1. Introduction
As Lemaire (1998) notes, with respect to automobile insurance, insurers in the United States and Canada tend to employ many a priori variables (observable factors) to classify risks associated with policyholders, whereas in other parts of the world, such as Europe, Asia, Latin America, and Africa, insurers commonly employ a posteriori ratemaking. The common a posteriori ratemaking process can be accomplished via a bonusmalus system (BMS), and such a posteriori ratemaking holds the promise of resolving residual heterogeneity still remaining within risk classes. As noted in Section 1 of Lemaire (1998), although BMSs are not commonly used in North America, that situation could change, as regulatory authorities may prohibit insurers from using certain classification variables and, moreover, a posteriori ratemaking is known to be an efficient way to assess individual risks. Based on the policyholder’s claims experience, such a system discounts the premium as a reward for a claimfree case (bonus) and charges an additional premium in the presence of accidents (malus). Such an a posteriori ratemaking mechanism takes on various forms across countries, but it generally consists of three major components: bonusmalus (BM) levels; transition rules; and BM relativities. Each new policyholder is classified into one of the finite number of risk classes depending on his or her observable risk characteristics, and he or she is also assigned an initial BM level. After each policy period, the BM level moves up or down according to the prespecified transition rules that penalize policyholders based on the number of reported claims and reward those without claims. In a typical BMS, claims experience in the previous policy period is used to determine the transition rule. However, for better separation of consistently and temporarily good (or bad) risks, we can consider capturing claims experience in multiple previous policy periods in the design of the transition rule, as is done in Belgium. Then, the premium is renewed at a rate that is the product of the BM relativity and the base premium. Here the BM relativity is determined by the BM level, which plays a role in the premium adjustment coefficient. In this way, the actual premium charged to policyholders in each BM level can be more closely matched to their risks reflected in the claim number record for the past few policy periods and consequently the claims costs are fairly shared. In the classical BMS, the base premium is often calculated as a product of the mean frequency and the mean severity due to the assumed independence between those two random variables (e.g., Pitrebois, Denuit, and Walhin 2003a; Denuit et al. 2007; Tan et al. 2015). However, the independence assumption is often criticized as some recent insurance reports demonstrate the existence of a significant dependence between claim frequency and severity. In the actuarial literature, various statistical models have been developed in an attempt to capture certain dependency structures between frequency and severity of claims. These include, for example, copula models (Czado et al. 2012; Frees, Lee, and Yang 2016), shared or bivariate random effects models (HernandezBastida, FernandezSanchez, and GomezDeniz 2009; Baumgartner, Gruber, and Czado 2015; Oh, Shi, and Ahn 2020), and twopart models (Shi, Feng, and Ivantsova 2015; Garrido, Genest, and Schulz 2016; Park, Kim, and Ahn 2018; Jeong et al. 2021).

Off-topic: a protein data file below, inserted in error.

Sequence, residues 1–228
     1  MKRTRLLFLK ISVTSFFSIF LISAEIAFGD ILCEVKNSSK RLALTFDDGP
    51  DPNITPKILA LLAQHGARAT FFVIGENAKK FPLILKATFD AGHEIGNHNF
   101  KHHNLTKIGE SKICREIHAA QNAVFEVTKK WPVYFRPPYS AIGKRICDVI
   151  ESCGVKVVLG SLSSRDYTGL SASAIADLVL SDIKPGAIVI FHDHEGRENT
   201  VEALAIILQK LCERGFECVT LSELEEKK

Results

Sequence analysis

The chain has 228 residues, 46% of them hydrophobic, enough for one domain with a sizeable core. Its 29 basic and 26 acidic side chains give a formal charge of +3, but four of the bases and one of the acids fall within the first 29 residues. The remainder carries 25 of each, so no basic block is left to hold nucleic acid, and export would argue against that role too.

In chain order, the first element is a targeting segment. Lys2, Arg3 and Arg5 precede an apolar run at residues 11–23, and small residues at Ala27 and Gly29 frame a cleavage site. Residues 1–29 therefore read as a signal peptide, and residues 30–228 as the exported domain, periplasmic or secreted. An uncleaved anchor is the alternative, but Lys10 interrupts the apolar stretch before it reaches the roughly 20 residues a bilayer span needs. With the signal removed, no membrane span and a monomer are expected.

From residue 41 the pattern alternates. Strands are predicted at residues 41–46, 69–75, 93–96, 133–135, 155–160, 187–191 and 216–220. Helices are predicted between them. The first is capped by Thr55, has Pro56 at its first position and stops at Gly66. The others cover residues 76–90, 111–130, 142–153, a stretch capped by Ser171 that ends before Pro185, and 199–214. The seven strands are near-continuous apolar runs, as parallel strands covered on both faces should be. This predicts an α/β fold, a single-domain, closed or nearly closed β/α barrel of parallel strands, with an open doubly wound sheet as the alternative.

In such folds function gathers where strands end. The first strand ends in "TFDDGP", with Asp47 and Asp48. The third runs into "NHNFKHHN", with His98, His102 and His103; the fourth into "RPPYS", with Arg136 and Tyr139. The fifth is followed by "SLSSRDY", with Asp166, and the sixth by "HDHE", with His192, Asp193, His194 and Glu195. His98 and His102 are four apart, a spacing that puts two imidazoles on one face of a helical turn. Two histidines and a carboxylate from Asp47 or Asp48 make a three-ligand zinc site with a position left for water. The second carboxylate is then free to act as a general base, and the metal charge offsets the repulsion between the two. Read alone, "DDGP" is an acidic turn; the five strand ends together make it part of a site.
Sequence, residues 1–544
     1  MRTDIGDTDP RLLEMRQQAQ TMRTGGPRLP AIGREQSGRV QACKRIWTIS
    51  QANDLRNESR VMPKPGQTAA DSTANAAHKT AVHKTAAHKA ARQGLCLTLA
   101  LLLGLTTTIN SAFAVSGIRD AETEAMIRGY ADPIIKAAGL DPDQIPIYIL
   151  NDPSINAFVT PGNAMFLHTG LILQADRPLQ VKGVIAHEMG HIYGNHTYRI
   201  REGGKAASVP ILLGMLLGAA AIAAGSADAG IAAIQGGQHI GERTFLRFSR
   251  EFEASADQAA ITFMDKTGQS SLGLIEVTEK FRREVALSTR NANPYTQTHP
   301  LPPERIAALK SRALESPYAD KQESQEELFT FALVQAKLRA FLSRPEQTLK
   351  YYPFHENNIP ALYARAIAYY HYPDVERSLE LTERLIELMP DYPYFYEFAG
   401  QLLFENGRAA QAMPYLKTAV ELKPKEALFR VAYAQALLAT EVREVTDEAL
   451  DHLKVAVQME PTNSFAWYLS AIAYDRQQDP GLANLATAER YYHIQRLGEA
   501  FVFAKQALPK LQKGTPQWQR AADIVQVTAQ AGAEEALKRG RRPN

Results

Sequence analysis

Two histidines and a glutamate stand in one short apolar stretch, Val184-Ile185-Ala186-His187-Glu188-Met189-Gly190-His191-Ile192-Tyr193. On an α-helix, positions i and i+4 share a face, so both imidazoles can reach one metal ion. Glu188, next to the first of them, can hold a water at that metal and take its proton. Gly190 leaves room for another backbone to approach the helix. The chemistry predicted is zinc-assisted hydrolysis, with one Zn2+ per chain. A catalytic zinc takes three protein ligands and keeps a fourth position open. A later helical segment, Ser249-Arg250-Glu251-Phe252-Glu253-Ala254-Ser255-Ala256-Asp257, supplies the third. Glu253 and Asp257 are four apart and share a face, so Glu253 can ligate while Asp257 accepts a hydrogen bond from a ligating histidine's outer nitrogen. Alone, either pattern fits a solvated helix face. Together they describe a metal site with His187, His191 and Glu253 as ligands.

The focus of the paper is twofold. First, we revisit the extension of the BM levels (Lemaire 1995; Pitrebois, Denuit, and Walhin 2003b) and define our longmemory transition rules in a more formal setting. Second, under the proposed transition rules, we consider the optimal relativities not only in a frequencyonly model but also in a dependent collective risk model that allows for dependence between frequency and severity. As an example of the dependent collective model, we consider the copulabased bivariate random effects model as in Oh, Shi, and Ahn (2020), among many choices of shared or bivariate random effects models. Whereas in the classical BMS the policyholder’s BM level is reduced if there is no claim in the past year, in our modified BMS the BM level moves to a lower level when the policyholder has no claim consecutively for years equivalent to the “period of penalty”. A similar case is discussed in Chapter 17 of Lemaire (1985) and Section 5 of Pitrebois, Denuit, and Walhin (2003b), where the transition is made based on the number of consecutive claimfree years. However, the optimal relativities in the present paper are obtained by solving different forms of optimization problems. Under two models—namely, the frequency random effects model and the bivariate random effects model—the optimal relativities and the hypothetical mean squared error are studied. The rest of the paper is organized as follows. In Section 2, we describe two random effects models and give the optimal relativity results under the classical BMS rules. In Section 3, a period of penalty (denoted as “\(pen\)”) is introduced in the transition rules such that the BM level moves downward only when there is no claim for the last consecutive \((1+pen)\) years. Under the modified transition rules, an “augmented” BM level is newly defined so that its transition process has the Markov property. In turn, the optimal relativities are provided under the two different models. Finally, in Section 4, we turn to a data set from the Wisconsin Local Government Property Insurance Fund (e.g., Frees, Lee, and Yang (2016)) to illustrate the impact of the longmemory transition rules on our BMS versus the classical BMS.